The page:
Editorial – January 2013 (editorial).

Thinking is a sign of responsibility.

Considered action comes better from thinking before acting.

 Hello everyone

A problem with western society today is that it is very much an action first, apologise if wrong later, mostly because the consequences haven’t been thought through far enough. What tends to be forgotten is to think through the ideas first and cover the options properly before doing anything. It isn’t simply a yes/no choice to consider, there are other options: If. Maybe. But. Combination. Even And. Multi-ordinal choices that all give different consequences.

Spontaneity might look attractive but it has its own shortfalls without some planning. As the world gets forever more complex, you really do have to apply some consideration as to who will get upset or lose out over any action that you carry out. Some things, I have to confess, deserve to be shaken up. Living as if changes should never happen will never allow any sort of progression. Then again, it wouldn’t be called ‘progress’ otherwise. That doesn’t mean things are always going to change for the better but attitudes and acceptability have never stood still. At heart, we just don’t like to stagnate. Even when we’re treading water so to speak, there are always minor tweaks.


People will always claim that an earlier era, less clustered with so much information that we have now, a few decades ago was better than today but was living in ignorance any better? However, looking at some of the celebrity despicable revelations in the UK that happened back then, would they have gotten away with them today? I’ve commented in earlier editorials that each one of us lives in a microcosm, filtering in things we only want to hear and disbelieving anything that we aren’t that close to. With the potential for even the likes of the Internet to be manipulated that way, by software bots than actual people far worse, which is really why there needs to be viable hardcopy newspapers out there who will do investigations, providing that they do so within the confines of the law or at least answerable to it if they are found to be wrong. There is always a responsibility to seek the truth but no one is ever above the law, including reporters. Obviously, if a law is wrong then it deserves to be changed and in most countries there are the means to do this. Accountability is for all, not just the few who think it’s an avoidable club.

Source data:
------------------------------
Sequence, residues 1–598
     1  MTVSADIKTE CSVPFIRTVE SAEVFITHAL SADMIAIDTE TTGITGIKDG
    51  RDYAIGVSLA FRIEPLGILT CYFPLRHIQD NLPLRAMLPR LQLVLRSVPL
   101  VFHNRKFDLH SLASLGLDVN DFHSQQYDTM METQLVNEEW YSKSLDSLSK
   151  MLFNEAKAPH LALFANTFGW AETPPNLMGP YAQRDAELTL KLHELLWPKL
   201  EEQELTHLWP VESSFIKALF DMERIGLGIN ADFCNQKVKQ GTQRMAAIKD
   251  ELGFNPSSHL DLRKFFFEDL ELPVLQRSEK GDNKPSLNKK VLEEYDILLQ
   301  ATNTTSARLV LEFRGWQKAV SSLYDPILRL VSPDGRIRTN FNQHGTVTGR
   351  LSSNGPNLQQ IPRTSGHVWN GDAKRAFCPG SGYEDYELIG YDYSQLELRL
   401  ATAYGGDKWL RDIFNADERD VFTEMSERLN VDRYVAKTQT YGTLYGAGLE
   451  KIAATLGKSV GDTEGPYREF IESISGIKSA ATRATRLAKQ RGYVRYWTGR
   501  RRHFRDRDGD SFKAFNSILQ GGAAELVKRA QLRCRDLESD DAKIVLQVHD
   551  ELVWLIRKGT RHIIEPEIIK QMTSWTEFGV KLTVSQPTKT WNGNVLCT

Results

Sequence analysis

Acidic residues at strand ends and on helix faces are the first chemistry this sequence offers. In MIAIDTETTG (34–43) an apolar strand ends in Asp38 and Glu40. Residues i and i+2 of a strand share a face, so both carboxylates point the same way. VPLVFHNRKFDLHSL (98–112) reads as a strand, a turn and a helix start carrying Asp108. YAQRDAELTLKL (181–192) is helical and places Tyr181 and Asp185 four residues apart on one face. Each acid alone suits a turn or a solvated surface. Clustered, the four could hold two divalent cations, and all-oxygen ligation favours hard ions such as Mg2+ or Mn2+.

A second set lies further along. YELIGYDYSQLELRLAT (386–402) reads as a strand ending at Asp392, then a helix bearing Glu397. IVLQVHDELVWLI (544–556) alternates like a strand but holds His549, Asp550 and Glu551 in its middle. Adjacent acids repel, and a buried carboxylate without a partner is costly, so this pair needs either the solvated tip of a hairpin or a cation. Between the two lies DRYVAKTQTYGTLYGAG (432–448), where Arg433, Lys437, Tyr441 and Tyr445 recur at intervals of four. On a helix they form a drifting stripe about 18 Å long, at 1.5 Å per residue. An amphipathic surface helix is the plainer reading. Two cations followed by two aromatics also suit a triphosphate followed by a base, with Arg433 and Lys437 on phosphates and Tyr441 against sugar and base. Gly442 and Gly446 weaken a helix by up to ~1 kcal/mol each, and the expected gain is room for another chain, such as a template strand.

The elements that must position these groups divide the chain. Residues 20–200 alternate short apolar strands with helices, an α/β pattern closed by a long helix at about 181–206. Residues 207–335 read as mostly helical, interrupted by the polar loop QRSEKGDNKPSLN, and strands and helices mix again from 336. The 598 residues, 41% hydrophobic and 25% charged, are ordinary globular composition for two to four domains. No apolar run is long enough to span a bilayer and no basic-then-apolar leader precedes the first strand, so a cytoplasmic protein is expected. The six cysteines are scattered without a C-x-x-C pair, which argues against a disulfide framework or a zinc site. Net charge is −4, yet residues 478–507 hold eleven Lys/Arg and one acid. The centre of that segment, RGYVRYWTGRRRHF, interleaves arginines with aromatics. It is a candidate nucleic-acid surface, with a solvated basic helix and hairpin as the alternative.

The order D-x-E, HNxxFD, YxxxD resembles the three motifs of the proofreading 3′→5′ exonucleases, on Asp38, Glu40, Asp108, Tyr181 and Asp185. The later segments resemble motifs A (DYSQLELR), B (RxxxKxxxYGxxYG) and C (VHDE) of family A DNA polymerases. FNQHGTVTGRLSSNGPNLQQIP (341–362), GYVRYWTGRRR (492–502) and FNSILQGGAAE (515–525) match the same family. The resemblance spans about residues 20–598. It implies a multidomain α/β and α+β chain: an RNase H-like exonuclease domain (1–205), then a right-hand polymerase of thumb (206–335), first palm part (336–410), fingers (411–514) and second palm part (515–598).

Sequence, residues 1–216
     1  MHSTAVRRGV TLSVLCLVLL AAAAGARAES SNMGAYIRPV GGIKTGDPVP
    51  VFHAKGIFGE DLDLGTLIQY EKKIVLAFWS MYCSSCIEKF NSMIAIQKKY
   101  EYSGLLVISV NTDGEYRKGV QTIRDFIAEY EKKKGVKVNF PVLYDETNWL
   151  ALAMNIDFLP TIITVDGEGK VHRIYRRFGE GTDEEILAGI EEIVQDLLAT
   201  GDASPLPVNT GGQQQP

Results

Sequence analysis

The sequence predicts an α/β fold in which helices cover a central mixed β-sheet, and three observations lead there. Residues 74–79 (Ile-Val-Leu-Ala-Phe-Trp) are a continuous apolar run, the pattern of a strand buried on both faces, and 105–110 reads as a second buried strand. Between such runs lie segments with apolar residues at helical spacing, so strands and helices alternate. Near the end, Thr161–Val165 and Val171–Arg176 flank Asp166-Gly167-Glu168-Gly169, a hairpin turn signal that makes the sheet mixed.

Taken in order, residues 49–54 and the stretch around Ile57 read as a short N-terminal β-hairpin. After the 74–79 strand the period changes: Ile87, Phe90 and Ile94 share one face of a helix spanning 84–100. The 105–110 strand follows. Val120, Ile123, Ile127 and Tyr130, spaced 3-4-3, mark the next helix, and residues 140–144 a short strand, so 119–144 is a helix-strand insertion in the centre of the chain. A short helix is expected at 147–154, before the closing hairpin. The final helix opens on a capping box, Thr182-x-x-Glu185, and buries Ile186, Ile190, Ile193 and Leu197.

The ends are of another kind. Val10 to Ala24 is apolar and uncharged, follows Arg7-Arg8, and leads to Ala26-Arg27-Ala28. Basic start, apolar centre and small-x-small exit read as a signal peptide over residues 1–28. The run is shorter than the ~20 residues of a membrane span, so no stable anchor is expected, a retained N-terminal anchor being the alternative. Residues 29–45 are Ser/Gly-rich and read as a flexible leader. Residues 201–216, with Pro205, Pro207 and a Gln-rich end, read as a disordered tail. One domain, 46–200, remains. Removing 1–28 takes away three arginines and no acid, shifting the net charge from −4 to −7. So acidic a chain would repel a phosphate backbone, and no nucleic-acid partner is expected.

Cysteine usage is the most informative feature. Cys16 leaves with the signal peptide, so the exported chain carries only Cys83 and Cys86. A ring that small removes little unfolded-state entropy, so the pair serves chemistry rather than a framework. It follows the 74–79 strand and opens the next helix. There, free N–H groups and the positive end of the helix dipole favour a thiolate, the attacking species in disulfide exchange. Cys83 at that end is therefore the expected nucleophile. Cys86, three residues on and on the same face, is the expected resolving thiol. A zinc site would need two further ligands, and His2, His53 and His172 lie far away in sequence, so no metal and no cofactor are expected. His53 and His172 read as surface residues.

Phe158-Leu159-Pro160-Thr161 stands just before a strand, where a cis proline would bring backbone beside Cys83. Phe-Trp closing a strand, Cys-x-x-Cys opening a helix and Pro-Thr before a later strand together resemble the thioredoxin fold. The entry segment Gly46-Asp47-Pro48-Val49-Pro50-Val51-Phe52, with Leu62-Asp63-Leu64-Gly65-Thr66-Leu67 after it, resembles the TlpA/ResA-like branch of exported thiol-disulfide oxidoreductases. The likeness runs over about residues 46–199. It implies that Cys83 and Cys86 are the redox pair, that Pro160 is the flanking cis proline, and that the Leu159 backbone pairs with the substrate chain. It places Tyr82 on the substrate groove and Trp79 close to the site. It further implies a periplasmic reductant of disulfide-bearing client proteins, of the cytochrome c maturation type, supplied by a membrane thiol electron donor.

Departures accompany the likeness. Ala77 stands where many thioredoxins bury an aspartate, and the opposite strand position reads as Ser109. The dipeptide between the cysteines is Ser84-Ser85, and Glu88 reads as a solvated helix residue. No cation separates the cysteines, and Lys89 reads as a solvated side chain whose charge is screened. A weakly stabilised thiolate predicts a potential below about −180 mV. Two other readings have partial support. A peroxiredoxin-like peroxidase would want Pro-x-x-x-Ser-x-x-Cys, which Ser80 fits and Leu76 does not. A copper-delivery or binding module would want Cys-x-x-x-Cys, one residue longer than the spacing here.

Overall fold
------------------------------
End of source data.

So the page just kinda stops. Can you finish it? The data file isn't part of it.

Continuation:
Accountability is the means to keep a sense of responsibility for everyone. The world about us is changing quickly all the time now and turning ever more into a Science Fiction reality that none of us in the genre have really written a parallel. Some things, like medical advancement with super-drugs and even cyborgs, are getting pretty close though. Whether this will extend to commercially driven spaceships has yet to be discovered, although seeing the price of getting a man to the Moon that way, one only has to hope that in line with modern technology, the more people who want to use it, the cheaper it will become. The prospect of asteroid mining will undoubtedly parallel Science Fiction, although more for using the materials in orbit than bring to Earth, which would reduce the cost of taking metals and like up there immensely. It is very important that exploring space will pay for itself out of its own resources and one has to wonder if it is possible to collect all the debris in orbit around the Earth isn’t amongst these. The days of purely scientific investigation have probably past. The only hope is that we will not destroy the Solar System in exploitation as we have with our own planet.